• Attracting Investors: Many investors and venture capitalists prefer businesses incorporated in Delaware due to its predictable legal system and business-friendly laws.


  • Franchise Taxes: While Delaware offers tax advantages, LLCs are still subject to an annual franchise tax. This can be a drawback for smaller businesses.
  • Complexity in Operating Out-of-State: If your LLC is operating primarily outside of Delaware, you may need to qualify as a foreign entity in your operating state, adding more complexity and potential costs.
  • Legal Costs: Due to the sophisticated nature of Delaware's corporate law, legal advice can be more expensive, especially if it involves specialized corporate lawyers familiar with Delaware law.

DIY vs. Professional LLC Formation

When forming a Limited Liability Company, one key decision is whether to do it yourself (DIY) or hire a professional service. Both approaches have their pros and cons, and the right choice depends on individual circumstances.

DIY LLC Formation


  • Cost-Effective: DIY is generally less expensive. You only have to pay the state filing fees.
  • Learning Experience: Handling the process yourself can provide valuable insights into the legal and operational aspects of your business.
  • Direct Control: You have full control over the formation process and can make immediate adjustments as needed.


  • Time-Consuming: The process can be time-intensive, requiring you to research and understand various legal requirements.
  • Risk of Errors: Without professional guidance, there's a higher risk of making mistakes in the filing process, which can lead to delays or legal issues.
  • Limited Legal Knowledge: If you're not familiar with corporate law, you might miss important legal nuances or state-specific regulations.

Professional LLC Formation


  • Expertise and Experience: Professionals are knowledgeable about the legal aspects of LLC formation, reducing the risk of errors.
  • Time-Saving: Hiring a service can save you time, allowing you to focus on other aspects of your business.
  • Compliance Assistance: Many services offer ongoing compliance support, helping to ensure your LLC remains in good standing.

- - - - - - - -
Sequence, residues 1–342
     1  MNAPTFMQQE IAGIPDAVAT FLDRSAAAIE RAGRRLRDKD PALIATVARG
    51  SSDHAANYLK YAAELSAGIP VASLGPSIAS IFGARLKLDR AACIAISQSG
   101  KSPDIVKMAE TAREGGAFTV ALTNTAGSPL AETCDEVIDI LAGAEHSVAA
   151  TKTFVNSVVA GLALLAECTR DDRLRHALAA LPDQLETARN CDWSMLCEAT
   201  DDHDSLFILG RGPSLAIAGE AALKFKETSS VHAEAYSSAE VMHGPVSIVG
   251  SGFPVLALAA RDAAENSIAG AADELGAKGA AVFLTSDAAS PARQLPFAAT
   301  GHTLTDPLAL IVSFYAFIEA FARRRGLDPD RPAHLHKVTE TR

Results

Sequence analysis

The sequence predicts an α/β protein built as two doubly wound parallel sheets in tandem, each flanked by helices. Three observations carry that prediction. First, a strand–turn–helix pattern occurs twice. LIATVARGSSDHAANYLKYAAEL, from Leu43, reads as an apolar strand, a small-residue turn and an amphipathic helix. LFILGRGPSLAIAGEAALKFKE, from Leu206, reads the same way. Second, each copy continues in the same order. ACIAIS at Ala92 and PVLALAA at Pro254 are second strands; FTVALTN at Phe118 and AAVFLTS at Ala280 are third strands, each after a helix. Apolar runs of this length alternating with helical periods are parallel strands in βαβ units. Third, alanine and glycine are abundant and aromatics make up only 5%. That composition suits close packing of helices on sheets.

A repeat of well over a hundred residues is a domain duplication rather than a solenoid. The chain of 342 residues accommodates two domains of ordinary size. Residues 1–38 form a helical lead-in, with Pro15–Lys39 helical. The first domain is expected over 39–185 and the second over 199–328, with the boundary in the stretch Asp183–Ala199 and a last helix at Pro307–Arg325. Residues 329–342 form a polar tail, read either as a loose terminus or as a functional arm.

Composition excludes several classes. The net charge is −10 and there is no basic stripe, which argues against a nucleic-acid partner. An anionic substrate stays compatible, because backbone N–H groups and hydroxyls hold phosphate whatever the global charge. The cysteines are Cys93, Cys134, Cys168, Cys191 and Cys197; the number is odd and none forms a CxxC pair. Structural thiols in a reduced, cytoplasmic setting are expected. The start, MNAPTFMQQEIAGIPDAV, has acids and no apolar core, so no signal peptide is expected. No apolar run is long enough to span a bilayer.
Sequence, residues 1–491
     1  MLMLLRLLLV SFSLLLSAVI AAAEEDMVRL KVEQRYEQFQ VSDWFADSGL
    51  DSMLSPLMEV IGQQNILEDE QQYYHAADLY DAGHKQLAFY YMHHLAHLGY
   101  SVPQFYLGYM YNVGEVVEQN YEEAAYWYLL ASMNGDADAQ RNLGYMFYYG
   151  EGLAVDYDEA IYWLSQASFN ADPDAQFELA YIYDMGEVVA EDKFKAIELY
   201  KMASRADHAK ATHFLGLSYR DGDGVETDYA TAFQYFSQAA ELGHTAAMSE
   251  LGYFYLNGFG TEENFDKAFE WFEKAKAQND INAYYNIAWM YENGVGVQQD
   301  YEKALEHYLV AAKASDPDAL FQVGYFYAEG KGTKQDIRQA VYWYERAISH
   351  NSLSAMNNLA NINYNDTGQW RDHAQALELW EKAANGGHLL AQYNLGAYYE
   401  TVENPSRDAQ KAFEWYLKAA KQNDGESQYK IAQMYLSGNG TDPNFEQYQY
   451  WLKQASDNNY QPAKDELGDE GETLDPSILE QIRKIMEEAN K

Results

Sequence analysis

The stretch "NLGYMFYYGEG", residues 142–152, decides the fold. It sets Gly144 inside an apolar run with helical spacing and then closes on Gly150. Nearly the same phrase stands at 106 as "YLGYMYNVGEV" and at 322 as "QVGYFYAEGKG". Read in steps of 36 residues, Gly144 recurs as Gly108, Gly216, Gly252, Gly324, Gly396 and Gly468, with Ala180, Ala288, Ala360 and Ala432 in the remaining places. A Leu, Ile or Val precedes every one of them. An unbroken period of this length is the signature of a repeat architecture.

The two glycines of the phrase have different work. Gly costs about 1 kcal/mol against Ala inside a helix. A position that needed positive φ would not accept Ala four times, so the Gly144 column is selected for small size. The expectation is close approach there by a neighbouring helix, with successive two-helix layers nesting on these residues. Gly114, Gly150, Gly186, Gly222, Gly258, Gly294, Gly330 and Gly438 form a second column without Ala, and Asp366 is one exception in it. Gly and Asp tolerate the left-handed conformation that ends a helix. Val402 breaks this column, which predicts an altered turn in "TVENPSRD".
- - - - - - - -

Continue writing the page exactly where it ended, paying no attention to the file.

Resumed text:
• Peace of Mind: Professional assistance can provide reassurance that the formation process is handled correctly.


  • Cost: Professional services are more expensive than the DIY approach, as they include service fees in addition to state filing fees.
  • Less Personal Control: You have less direct control over the process, and it may take longer to implement specific requests or changes.
  • Variability in Service Quality: The quality and thoroughness of services can vary widely between providers.

Your choice between DIY and professional LLC formation should be based on your comfort with legal processes, available time, budget, and the specific needs of your business. If cost is a primary concern and you're willing to invest time in learning, DIY might be suitable.

However, if you value expertise, time-saving, and peace of mind, especially in complex legal landscapes, professional services might be the better choice. Ultimately, the decision should align with your business goals and personal preferences.


Is There an Advantage to Starting a Delaware LLC?

There is an advantage to starting a Delaware LLC. There are fewer steps involved, and it can be done online or with forms you download from the state government website. Forming an LLC in any other state will require more paperwork, time, and money than forming one in Delaware.

Is a Foreign LLC Allowed in Delaware?

Yes, Delaware allows the formation of Foreign LLCs. A Foreign LLC refers to an LLC that is registered in another state but wishes to conduct business in Delaware. To operate in Delaware, the foreign LLC must file a Certificate of Registration with the Delaware Secretary of State and appoint a registered agent in the state.



About The Author

Co-Founder & Chief Editor
Jon Morgan, MBA, LLM, has over ten years of experience growing startups and currently serves as CEO and Editor-in-Chief of Venture Smarter. Educated at UC Davis and Harvard, he offers deeply informed guidance. Beyond work, he enjoys spending time with family, his poodle Sophie, and learning Spanish.
Learn more about our editorial policy
Growth & Transition Advisor
LJ Viveros has 40 years of experience in founding and scaling businesses, including a significant sale to Logitech. He has led Market Solutions LLC since 1999, focusing on strategic transitions for global brands. A graduate of Saint Mary’s College in Communications, LJ is also a distinguished Matsushita Executive alumnus.
Learn more about our editorial policy